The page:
A hero lives here

Painted rocks unite community during COVID-19 pandemic

Lifting community spirits during COVID, the rock painting crew (L-R) Ella Sharpe, Karly Kemp, Joanne Kemp and Kim ‘Banksy’ Sharpe. McDonald – Photo

By Joanne McDonald
For NewsNow

The first rocks appeared the day that police and firefighters surrounded West Lincoln Memorial Hospital in a massive show of flashing lights support for the health care workers on the front line of the Covid-19 pandemic.

It wasn’t long before they were everywhere – little asteroids of hope appearing, it seemed, out of nowhere on street corners and sidewalks, lifting community spirits through long months of lockdowns in a world turned upside down.

But who, asked many, was this benevolent crusader, Grimsby’s very own Banksy.

By day, Kim Sharpe works in a Grimsby dental office. By night, she’s been planting the painted rocks all over town.

The idea came from her own need to feel useful when her workplace had to close the doors earlier this year due to Covid protocols.

It started with a ‘nurse rock’ painted for a friend who works at a hospital Covid site. “I just wanted her to know that everyone cares about the frontline workers.” Sharpe worried about her friend’s well-being coming home after a shift and wanted her “to be able to walk by her garden and see the rock and know we all think she is a hero and we appreciate that.”

Sharpe has since painted 20 rocks for nurses depicting a silhouette of a nurse with the message “A hero lives here.”

Starting with help from her daughters Emily and Ella, the crew of accomplices soon grew to include her friend Joanne Kemp and daughter Karly. They painted by day and delivered the rocks under cover of darkness.

The adventure grew to more than 100 rocks with messages of gratitude for the community and to the delight of local shop owners, signature rocks with replicas of their names and logos, found waiting on their doorsteps.

“It broke my heart to see how hard this must be for the businesses in Town to stay afloat.”

“We wanted to let the businesses know as a community we were thinking about them, cared about them and wanted them to make it through this.”

Some wanted her to come forward to give her a big hug – but the hugs will have to wait.

Sandy Jaskula, co-owner of Teddy’s Food, Fun & Spirits may have said it best in the YouTube video ‘Grimsby. Small Town. Big Heart’ which documented the delivery of face shields to downtown businesses.

“There is someone who is going around and dropping these (rocks) off and the day we saw ours, Teddy, my brother called me. He said there’s a stone out front. I couldn’t get up here fast enough to see it. It brightens your day to know that people care. Someone out there cares about everybody in Grimsby because they’re going around and putting these rocks out,” Jaskula said.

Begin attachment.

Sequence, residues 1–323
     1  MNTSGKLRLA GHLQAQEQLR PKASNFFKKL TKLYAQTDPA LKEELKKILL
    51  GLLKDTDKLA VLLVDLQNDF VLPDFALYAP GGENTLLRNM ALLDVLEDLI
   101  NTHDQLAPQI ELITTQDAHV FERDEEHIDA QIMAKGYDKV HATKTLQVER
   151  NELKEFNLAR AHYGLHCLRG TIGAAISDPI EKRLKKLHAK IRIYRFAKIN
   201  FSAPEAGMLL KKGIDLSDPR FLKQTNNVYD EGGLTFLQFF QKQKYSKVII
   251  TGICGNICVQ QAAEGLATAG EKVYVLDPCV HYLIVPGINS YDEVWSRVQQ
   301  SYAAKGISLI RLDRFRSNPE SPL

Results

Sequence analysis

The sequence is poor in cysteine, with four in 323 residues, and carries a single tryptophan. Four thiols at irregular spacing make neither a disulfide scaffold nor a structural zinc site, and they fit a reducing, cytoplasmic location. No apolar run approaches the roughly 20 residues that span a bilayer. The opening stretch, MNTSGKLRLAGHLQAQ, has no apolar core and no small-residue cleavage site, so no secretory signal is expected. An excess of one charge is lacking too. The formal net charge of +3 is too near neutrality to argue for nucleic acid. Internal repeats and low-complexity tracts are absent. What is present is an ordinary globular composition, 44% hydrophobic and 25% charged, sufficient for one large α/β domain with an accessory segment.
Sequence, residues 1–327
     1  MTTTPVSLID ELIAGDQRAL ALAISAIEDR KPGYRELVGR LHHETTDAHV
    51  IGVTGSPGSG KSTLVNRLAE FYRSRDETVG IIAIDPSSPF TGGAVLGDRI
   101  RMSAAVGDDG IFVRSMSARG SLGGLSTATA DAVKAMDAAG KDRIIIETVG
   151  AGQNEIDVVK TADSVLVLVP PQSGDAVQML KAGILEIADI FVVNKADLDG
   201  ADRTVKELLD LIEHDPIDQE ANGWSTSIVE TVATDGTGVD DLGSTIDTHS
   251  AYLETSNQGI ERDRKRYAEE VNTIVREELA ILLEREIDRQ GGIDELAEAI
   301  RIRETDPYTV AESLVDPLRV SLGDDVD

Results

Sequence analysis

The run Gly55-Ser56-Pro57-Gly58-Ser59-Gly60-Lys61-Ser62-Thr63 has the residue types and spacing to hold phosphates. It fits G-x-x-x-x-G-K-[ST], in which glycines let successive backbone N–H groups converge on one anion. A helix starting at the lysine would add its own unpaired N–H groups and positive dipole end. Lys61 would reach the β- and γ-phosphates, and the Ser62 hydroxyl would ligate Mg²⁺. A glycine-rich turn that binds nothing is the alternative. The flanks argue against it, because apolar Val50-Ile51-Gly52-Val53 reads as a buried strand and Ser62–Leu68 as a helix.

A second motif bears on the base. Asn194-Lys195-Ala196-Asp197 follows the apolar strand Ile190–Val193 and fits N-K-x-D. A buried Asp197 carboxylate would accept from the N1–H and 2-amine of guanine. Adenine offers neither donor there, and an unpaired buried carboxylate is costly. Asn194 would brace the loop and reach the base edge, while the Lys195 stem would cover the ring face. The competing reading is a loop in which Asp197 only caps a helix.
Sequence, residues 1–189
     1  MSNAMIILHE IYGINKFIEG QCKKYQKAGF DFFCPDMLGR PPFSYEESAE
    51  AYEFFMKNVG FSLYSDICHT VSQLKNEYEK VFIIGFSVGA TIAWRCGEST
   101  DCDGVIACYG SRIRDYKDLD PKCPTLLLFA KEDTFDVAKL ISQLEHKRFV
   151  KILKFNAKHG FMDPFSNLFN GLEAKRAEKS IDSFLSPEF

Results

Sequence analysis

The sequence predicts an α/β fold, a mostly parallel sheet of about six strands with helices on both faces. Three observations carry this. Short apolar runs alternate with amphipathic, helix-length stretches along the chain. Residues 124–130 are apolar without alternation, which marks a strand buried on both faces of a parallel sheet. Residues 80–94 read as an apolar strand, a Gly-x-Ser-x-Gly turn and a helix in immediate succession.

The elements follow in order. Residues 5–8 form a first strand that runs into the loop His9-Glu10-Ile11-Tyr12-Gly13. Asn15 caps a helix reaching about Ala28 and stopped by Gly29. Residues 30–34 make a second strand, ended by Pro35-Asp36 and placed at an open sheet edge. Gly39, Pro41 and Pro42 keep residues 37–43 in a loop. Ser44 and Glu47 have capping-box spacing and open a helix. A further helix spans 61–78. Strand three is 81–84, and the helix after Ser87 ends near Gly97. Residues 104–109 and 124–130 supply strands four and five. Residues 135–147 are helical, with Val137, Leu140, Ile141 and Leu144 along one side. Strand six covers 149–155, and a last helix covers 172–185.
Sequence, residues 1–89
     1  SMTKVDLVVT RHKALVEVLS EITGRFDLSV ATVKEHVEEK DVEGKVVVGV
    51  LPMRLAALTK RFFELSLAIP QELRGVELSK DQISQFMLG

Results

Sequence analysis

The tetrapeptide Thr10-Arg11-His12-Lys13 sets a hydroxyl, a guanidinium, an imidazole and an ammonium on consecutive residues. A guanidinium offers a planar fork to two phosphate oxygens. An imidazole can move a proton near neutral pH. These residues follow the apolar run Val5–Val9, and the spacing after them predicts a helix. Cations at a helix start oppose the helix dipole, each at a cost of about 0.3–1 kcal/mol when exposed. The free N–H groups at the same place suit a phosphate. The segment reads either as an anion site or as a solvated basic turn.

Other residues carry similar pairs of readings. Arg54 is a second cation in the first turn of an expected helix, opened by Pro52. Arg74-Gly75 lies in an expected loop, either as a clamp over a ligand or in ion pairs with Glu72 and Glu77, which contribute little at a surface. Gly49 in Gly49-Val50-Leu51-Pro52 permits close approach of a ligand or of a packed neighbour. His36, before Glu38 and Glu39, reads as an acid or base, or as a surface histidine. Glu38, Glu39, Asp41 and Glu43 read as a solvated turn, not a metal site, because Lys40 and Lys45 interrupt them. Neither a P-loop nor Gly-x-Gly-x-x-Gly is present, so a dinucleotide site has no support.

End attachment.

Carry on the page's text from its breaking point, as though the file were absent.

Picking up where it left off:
Maintaining their anonymity was part of the excitement for the paint crew but they got more than they bargained for one Saturday night carrying a basket of rocks in the downtown core.

It was late, the stores were closed and there wasn’t a soul in sight, that is until a police officer stopped them to ask a few questions.

“The girls were freaked right out. They thought they were in so much trouble.” But course the officer was fine and happily surprised with their antics. Since then, Sharpe has painted a rock with the Niagara Regional Police Services logo and it’s on proud display at the station.

“We did it for the love of Grimsby. We have such a great town and we have such a great community. I wanted to keep us together, to keep us strong and loving and hopeful.”

There is an inspired quartet of ‘author’ rocks that was placed surreptitiously at the Grimsby Public Library. Staff expressing their gratitude in a Facebook message said, “A big thank you to the person who left these beautiful painted stones, for your support of the library during the #covid19 closure and for inspiring a love of the classics to passers-by.”

“My personal message is stay strong,” says Sharpe. “Covid 19 is going to have affected the mental health of so many people who would never have been been triggered. They can’t handle the isolation. It’s terrifying for everybody.”

She wants the community to stay strong. “We’re all here for each other. Don’t be afraid to ask for help.”

For Sharpe that strength came from finding a way to support others. “Painting these rocks gave me purpose. I would finish a rock and feel happy.”

“Sometimes just looking down at the ground and seeing something colourful puts a smile on your face.”

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